Invasive Species Compendium

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Abstract

Predictors of mortality among neonates hospitalized with neonatal sepsis: a case control study from southern Ethiopia.

Abstract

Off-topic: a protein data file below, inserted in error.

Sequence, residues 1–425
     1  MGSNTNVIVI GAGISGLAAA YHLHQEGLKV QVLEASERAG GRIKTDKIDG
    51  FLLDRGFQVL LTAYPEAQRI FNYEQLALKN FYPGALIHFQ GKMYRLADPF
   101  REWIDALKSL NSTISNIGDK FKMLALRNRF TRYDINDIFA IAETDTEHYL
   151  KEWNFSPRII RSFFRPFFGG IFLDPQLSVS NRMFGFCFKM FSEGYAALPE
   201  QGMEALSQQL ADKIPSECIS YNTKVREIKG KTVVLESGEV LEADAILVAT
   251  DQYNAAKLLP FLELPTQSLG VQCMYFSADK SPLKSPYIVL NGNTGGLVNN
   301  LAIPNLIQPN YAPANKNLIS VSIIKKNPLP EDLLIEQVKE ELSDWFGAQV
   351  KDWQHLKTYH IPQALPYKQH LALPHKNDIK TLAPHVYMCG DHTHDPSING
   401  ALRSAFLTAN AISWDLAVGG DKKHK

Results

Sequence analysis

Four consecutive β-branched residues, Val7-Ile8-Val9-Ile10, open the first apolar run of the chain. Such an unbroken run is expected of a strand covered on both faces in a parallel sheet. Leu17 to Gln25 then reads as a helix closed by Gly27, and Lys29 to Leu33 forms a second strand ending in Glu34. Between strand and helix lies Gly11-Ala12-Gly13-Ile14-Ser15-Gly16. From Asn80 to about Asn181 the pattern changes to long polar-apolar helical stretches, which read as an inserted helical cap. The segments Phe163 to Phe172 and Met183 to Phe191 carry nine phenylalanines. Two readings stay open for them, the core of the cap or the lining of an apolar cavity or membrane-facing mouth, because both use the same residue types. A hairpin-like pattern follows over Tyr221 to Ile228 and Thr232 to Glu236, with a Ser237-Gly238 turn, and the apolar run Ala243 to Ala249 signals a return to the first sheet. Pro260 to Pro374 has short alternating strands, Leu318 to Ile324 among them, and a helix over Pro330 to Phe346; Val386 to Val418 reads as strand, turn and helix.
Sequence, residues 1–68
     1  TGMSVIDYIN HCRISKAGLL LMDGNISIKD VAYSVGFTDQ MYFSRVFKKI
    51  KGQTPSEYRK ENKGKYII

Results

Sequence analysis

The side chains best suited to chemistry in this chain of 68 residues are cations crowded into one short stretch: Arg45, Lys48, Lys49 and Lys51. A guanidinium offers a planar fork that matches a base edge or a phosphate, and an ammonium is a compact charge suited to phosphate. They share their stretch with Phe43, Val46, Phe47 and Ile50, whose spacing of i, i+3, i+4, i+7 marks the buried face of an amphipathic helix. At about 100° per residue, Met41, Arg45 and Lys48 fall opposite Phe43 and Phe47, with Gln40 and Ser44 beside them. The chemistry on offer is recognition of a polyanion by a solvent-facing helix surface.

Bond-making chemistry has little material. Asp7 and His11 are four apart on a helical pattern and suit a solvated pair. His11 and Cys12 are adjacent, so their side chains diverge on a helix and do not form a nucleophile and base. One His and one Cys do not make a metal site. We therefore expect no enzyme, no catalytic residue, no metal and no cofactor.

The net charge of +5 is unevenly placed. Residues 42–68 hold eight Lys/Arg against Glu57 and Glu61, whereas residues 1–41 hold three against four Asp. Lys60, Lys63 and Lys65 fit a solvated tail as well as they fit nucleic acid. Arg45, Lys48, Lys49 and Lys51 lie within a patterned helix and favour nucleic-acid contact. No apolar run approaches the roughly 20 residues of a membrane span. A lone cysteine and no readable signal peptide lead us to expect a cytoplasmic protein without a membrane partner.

Background: Neonatal sepsis, which resulted from bacterial, viral, and fungal invasions of the bloodstream, is the major cause of neonatal mortality and neurodevelopmental impairment among neonates. It is responsible for more than one-third of neonatal deaths in Ethiopia. Frequently neonates referred to health facilities are at high risk of death. Hence, assessing and preventing the predictors of mortality in neonatal sepsis helps to reduce the burden of neonatal mortality. Objectives: To determine predictors of mortality among neonates admitted with sepsis at Durame general hospital, southern Ethiopia, 2020. Methods: Institution-based unmatched case-control study was carried out from March 8 to 30, 2020, among 219 neonates in Durame general hospital in southern Ethiopia. Neonates admitted with sepsis and died were considered as cases and neonates admitted with sepsis and survived (discharged alive) as controls. Cases were selected by taking the deaths of neonates consecutively among those neonates admitted with the diagnosis of neonatal sepsis. The next immediate three corresponding controls were selected by lottery method from the Neonatal Intensive Care Unit (NICU) case registration book. Data was collected by using structured pretested checklists from neonates' records and then entered into Epi data version 3.1 and exported to SPSS version 20. Logistic regression was used to identify the predictors of mortality. Statistical significance was declared at P < 0.05. Results: A total of 55 cases and 164 controls were included in this study. More than three quarters (81.8%) of cases had early onset sepsis. The multivariable logistic regression analysis showed that predictors of mortality in this study were; poor feeding [AOR=4.15; 95% CI (1.64, 10.49)], respiratory distress [AOR=2.72; 95% CI (1.31, 5.61)], estimated gestational age less than 37 weeks [AOR=4.64; 95% CI (2.17, 9.91)], and convulsion [AOR=3.13; 95% CI (1.12, 8.76)]. Conclusion: This study showed that prematurity, convulsion, poor feeding, and respiratory distress were the predictors of sepsis-related neonatal mortality. It is important to pay attention to septicemic babies with any of the identified predictors to reduce sepsis-related mortality.